It was after 5 o'clock in New York's lower Manhattan. The weather was freezing, rush hour traffic was already underway and Turks who had left the court room where a Turkish banker was standing trial for violating U.S.-imposed Iranian sanctions were perplexed. "It is a circus, indeed," said a member of the Turkish press corps. Another one, Cüneyt Özdemir, a prominent TV journalist known for his criticism of the Turkish government went even further. "I haven't seen such a play in my professional life. He flawlessly drew that complex scheme on this big board. He must have been practicing it for a while," he said, talking about Turkish-Iranian gold trader Reza Zarrab, the former defendant in the case turned government witness.
The overwhelming feeling in the courtroom was that Zarrab was a corrupt, egocentric kid who became rich by facilitating Iranian international money orders that were banned by the U.S. Treasury. The Turkish government and society already knew that Zarrab was accused of bribing high-level Turkish officials; the whole setup was brought up by Gülenist police officers and judicial authorities in December 2013 as an official investigation. Fetullah Gülen's followers conducted this politically motivated operation to push then-Prime Minister Recep Tayyip Erdoğan, to resign less than three months before the local elections. The government didn't tolerate the Gülen-led inquiry and rightfully cracked down on the Gülenist deep state that took over state institutions by establishing a separate Gülenist chain of command. The ruling Justice and Development Party (AK Party) also dismissed four Turkish cabinet level ministers following the accusations of bribery.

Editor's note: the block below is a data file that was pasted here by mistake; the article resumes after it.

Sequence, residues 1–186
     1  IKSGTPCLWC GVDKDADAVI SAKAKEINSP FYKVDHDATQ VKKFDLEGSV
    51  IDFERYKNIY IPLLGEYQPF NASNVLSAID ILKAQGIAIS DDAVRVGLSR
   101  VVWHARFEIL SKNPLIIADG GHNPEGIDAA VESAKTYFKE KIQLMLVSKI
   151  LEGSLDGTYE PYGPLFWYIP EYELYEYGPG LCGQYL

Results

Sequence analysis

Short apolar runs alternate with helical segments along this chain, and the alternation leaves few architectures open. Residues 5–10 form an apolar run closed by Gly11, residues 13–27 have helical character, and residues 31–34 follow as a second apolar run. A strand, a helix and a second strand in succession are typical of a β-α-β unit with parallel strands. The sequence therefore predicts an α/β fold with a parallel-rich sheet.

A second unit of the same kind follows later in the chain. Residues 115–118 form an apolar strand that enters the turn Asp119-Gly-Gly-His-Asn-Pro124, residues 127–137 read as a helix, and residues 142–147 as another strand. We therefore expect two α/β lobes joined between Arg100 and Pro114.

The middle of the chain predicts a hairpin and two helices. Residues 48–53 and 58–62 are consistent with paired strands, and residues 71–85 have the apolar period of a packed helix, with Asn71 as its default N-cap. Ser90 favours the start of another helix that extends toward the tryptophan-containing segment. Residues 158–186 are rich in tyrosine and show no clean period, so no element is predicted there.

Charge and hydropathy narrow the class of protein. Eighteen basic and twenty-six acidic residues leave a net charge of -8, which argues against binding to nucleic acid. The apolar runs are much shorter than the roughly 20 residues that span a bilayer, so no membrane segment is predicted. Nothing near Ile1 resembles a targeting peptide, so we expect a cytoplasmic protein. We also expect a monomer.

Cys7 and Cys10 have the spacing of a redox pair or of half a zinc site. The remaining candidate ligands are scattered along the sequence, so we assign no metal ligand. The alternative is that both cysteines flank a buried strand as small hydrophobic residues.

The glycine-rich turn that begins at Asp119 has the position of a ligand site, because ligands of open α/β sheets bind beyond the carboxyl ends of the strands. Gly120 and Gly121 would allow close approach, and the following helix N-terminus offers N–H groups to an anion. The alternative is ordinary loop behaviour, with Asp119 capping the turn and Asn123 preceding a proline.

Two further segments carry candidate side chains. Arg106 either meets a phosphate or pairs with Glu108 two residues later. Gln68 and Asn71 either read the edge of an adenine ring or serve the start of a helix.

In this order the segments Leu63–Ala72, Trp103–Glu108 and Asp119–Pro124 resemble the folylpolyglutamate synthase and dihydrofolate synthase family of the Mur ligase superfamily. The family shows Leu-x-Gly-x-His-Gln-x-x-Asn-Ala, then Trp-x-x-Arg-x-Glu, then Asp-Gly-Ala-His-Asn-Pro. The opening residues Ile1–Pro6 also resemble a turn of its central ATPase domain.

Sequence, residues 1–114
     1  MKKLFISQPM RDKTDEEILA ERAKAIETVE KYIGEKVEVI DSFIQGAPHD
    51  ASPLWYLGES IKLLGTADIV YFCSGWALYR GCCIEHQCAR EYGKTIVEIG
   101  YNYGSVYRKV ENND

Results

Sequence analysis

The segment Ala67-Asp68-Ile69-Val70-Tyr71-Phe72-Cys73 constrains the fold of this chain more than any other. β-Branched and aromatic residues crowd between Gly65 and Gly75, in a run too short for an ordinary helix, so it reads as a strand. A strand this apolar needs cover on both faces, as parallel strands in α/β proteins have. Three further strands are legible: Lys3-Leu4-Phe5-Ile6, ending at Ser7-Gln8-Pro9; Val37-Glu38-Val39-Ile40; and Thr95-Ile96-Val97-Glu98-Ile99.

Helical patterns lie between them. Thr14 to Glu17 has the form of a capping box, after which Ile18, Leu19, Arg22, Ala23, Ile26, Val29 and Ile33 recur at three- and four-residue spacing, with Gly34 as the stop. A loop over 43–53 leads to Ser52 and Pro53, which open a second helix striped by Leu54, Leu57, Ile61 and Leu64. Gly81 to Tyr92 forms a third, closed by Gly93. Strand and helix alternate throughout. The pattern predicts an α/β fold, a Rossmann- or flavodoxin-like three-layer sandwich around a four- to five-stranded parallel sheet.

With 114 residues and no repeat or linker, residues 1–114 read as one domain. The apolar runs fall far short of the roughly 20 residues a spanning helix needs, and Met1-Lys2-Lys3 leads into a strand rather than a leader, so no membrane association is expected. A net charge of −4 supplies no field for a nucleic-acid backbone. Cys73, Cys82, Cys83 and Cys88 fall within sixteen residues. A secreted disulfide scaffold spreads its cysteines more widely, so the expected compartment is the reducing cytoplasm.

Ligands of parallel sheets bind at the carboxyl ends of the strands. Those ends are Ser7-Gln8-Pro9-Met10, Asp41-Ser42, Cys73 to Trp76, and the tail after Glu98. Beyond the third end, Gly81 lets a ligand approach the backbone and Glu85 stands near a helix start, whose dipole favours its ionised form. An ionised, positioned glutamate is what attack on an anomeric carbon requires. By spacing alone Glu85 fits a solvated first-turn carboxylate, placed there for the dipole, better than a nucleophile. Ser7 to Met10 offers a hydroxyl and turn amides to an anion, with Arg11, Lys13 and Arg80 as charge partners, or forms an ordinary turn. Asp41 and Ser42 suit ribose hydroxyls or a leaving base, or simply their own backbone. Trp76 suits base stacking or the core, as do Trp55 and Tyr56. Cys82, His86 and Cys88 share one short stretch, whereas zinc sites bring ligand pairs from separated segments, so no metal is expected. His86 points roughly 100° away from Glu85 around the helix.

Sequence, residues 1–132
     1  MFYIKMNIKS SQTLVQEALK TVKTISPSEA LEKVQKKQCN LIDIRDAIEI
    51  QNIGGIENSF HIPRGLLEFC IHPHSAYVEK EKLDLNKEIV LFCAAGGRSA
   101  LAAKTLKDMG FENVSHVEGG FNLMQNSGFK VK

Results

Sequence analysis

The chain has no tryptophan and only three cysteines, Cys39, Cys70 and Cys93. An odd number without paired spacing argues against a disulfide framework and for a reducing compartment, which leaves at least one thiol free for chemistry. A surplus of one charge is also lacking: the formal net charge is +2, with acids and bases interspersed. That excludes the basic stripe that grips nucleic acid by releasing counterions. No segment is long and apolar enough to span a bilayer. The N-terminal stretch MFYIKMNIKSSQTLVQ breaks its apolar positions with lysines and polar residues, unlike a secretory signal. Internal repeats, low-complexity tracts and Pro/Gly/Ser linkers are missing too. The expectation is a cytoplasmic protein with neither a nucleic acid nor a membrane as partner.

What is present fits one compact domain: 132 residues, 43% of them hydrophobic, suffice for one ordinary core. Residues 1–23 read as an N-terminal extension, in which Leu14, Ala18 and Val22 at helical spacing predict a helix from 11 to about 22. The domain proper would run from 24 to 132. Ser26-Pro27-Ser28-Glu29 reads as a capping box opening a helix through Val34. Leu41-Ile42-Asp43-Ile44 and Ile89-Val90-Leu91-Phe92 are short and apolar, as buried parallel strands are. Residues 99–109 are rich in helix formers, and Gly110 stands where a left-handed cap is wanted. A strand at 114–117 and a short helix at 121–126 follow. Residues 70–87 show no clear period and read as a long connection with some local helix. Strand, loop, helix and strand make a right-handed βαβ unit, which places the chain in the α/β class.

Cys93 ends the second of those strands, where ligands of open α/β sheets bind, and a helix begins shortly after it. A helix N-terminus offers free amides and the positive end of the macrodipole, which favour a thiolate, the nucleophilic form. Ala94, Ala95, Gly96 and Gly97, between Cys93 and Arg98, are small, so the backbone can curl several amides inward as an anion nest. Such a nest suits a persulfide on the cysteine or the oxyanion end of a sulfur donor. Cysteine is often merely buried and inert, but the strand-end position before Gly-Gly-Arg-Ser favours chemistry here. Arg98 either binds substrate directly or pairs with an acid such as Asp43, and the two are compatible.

Now, the so-called Dec. 17, 2013 operation box has been reopened in Manhattan by U.S. prosecutors in the hope that they can put Mehmet Hakan Atilla, the former deputy general manager of state-owned Halkbank, behind bars. Prosecutors decided to use stolen evidence, such as a disgraceful summary of the proceedings and illegal wiretaps in the case against the defendant. A Gülenist police officer delivered them.
The irony is that the mastermind and the leader of this alleged scheme, Zarrab, is no longer a defendant, but Atilla, a subordinate, is now being portrayed as a brilliant facilitator of sanctions busting by U.S. attorneys. The Turkish press corps, which hates Zarrab, also feels sorry for Atilla, who seemingly just followed orders. Even Zarrab himself confesses that he never bribed him. Gülenists police officers also never arrested or charged him.One of the oddest things in this case is that from 2012 to 2016, the U.S. Treasury didn't blacklist Zarrab as a sanction violator. Even after the Gülenists revelations in 2013, U.S. authorities only decided to open a criminal investigation, and the Treasury didn't follow up by sanctioning Zarrab.
David Cohen, the former undersecretary for the U.S. Treasury, openly told the court that he never warned Halkbank or its officials that they were violating the Iran sanctions or that they were probably about to get sanctioned. He also never told Halkbank officials that there might be criminal proceedings against them. On one occasion, in fall 2014, Atilla basically asked Cohen to blacklist Zarrab, but he didn't give a definite answer.
Likewise, Adam Szubin, the former director of the Office of Foreign Assets Control (OFAC), told the court that he never issued a warning that Halkbank was believed to be violating sanctions. OFAC also never sanctioned Zarrab until today.
The defense team argues that the U.S. Treasury didn't do a good job in educating Halkbank on primary and secondary sanctions against Iran. Atilla's lawyers say bringing criminal charges against Atilla due to the alleged violation of the sanctions are very unique because until this case, the U.S. government just followed the usual practice: sanction the facilitators and block their access to the U.S. financial system. But criminal proceedings against facilitators are very rarely seen.
U.S. authorities have already touched a nerve by associating a Gülenist police officer and stolen evidence to this case. The oddities in the case are also likely to solidify the view in Ankara that the U.S. has another end game with this case.
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